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  Volume de collection Numéro de collection Edition  
  ISSN 0304-3800 ISBN Médium  
  Région Expédition Conférence  
  Notes WOS:000514022500015 Approuvé pas de  
  Numéro d'Appel MARBEC @ isabelle.vidal-ayouba @ collection 2675  
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Auteur Stephenson, F.; Goetz, K.; Sharp, B.R.; Mouton, T.L.; Beets, F.L.; Roberts, J.; MacDiarmid, A.B.; Constantine, R.; Lundquist, C.J. url  doi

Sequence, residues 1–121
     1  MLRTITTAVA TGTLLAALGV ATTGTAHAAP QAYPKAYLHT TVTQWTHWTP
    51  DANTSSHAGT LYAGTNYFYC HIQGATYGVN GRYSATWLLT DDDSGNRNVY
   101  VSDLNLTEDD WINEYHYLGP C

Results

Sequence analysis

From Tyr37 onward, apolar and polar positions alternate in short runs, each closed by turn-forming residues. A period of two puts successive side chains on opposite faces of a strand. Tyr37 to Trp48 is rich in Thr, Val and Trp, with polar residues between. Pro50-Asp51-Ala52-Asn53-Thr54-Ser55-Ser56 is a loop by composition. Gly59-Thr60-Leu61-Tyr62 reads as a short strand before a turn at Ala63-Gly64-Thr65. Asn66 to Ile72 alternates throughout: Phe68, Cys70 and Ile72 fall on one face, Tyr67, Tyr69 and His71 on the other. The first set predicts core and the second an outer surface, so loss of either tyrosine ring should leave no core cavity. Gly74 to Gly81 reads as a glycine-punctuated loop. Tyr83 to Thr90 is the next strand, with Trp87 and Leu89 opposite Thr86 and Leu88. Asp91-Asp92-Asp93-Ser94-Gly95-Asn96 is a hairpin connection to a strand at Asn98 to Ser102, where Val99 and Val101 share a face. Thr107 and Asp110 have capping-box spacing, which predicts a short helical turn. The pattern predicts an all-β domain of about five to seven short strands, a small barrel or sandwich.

openurl 
  Titre Modelling the spatial distribution of cetaceans in New Zealand waters Type Article scientifique
  Année (down) 2020 Publication Revue Abrégée Diversity and Distributions  
  Volume 26 Numéro 4 Pages 495-516  
  Mots-Clés boosted regression tree models; cetacean distribution; New Zealand; relative environmental suitability models; spatial management; species distribution models